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Mare-embryo signal still a mystery

May 09th, 2020

Even before birth, a lot of communication occurs between an infant mammal and its mother — not through speech or body language, but through chemical interaction inside the uterus. The maternal recognition of pregnancy (MRP), one of the earliest communications that occurs during pregnancy between the embryo and the mother, is the signal produced by the embryo alerting the mother’s …

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What makes horses tick?

In mid-February, western Canadian horse owners will have the chance to meet Dr. Sue McDonnell and learn more about equine behavior during the 2020 Saskatchewan Equine Expo in Saskatoon, Sask. The Western College of Veterinary Medicine (WCVM) has invited McDonnell to visit Saskatoon for several educational events — including a public seminar from 4 to 6 p.m. on Friday, Feb. …

January 23rd, 2020 Full story »

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‘No bad horse’

Unlike many who spend their careers working with horses, Sue McDonnell wasn’t always so keen on the equine species. “I was familiar with horses, but it wasn’t really my sport or activity as a kid,” says McDonnell, who grew up on a dairy farm in rural Pennsylvania. “I first got involved seriously with horses as a professional when I went …

January 23rd, 2020 Full story »

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Saskatoon horse diagnosed with EHV-1

Diagnostic tests have confirmed that a Saskatoon-area horse with neurologic disease is a positive case of equine herpes virus 1 (EHV-1) — a common virus that causes respiratory disease as well as outbreaks of neurologic disease and abortions in horse populations worldwide. The ill horse is in isolation at Sandhills Stables, a boarding stable near Saskatoon, Sask. Its owners have placed …

December 28th, 2019 Full story »

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Tour time for horse enthusiasts

The Western College of Veterinary Medicine (WCVM) is offering a tour of its equine health facilities and resources on Friday morning, Feb. 14, as part of the 2020 Saskatchewan Equine Expo’s attractions. The equine health tour will take place at the WCVM’s Veterinary Medical Centre — the veterinary referral facility for all of Western Canada and the only veterinary teaching …

October 23rd, 2019 Full story »

Funds propel research for pets and horses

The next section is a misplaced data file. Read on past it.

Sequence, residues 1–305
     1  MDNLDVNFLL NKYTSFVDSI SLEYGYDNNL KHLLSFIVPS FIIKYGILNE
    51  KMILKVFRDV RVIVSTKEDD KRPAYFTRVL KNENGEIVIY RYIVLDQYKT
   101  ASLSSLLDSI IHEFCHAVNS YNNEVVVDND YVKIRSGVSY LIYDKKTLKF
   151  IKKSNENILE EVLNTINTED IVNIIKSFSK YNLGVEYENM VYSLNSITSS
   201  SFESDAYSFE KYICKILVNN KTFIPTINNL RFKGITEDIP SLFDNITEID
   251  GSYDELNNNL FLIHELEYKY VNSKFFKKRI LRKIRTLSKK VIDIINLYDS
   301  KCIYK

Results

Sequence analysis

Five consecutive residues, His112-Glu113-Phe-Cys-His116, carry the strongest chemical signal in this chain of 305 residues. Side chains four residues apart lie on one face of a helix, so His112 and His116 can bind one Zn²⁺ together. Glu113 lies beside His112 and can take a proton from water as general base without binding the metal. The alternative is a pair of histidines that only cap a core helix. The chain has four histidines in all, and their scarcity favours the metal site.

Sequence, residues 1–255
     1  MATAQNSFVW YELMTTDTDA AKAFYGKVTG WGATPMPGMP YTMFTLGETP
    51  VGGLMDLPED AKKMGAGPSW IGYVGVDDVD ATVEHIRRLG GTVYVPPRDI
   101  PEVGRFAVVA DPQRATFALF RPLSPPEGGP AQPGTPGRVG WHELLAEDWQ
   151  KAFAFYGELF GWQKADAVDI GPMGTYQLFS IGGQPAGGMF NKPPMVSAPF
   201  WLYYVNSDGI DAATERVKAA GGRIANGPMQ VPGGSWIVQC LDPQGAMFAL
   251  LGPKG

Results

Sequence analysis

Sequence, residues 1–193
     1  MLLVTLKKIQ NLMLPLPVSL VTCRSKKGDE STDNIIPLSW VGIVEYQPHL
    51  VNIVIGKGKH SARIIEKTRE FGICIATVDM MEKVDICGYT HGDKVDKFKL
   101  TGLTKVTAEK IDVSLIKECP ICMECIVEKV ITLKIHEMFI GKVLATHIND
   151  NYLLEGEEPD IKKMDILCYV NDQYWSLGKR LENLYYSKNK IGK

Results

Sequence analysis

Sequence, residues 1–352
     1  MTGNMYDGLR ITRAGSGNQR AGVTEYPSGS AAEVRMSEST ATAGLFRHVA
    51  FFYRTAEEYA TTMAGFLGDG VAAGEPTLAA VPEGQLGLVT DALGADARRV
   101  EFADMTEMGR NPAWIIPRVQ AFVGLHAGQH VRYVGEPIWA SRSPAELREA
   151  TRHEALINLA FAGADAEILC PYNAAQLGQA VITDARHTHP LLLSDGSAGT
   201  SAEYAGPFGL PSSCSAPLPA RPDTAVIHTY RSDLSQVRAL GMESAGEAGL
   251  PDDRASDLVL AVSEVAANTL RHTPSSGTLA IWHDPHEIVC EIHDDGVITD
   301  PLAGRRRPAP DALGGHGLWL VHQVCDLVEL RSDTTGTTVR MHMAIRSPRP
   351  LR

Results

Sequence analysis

Have you ever wondered how veterinarians prepare tiny exotic pets for surgery or thought about how equine clinicians can help horses recover from a tendon injury? Researchers at the Western College of Veterinary Medicine (WCVM) are exploring these kinds of questions — thanks to the support of two research funds dedicated to the health of pets and horses. The Companion Animal …

May 27th, 2019 Full story »

Uplifting equine research gains support

A University of Saskatchewan (USask) research team that’s working with Saskatoon’s RMD Engineering Inc. to create a unique rehabilitation harness for horses has received financial support from Mitacs, a publicly funded not-for-profit research and training organization. “If this works, the potential impact will be huge because there are no long-term rehabilitation harnesses available on the market today,” says Dr. Julia …

April 11th, 2019 Full story »

WCVM to pay necropsy fees on WFFS cases

During the 2019 foal season, the Western College of Veterinary Medicine (WCVM) will cover the cost of conducting equine necropsy (post-mortem) examinations on aborted fetuses, stillbirths or euthanized foals that are suspected to be cases of warmblood fragile foal syndrome (WFFS). Canadian horse owners and referring veterinarians can submit cases to Prairie Diagnostic Services (PDS), the provincial veterinary laboratory based …

April 08th, 2019 Full story »

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Equine air flow in 3D

A Western College of Veterinary Medicine (WCVM) research team is going back to the drawing board to find a better way of treating recurrent laryngeal neuropathy (RLN), also known as roaring, in horses. Last year surgical specialists Drs. James Carmalt and David Wilson, along with surgical resident Dr. Michelle Tucker, were working on a new procedure that could replace a …

November 01st, 2018 Full story »

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Tool harnesses air flow in real time

Researchers at the Western College of Veterinary Medicine (WCVM) are collaborating with Andy Adler, a Canada Research Professor in Biomedical Engineering at Carleton University, to use a new technique called electrical impedance tomogrophy (EIT). This non-invasive technology is appealing to veterinary specialists because it will allow them to better understand the changes in breathing patterns happening in sedated and anesthetized …

October 29th, 2018 Full story »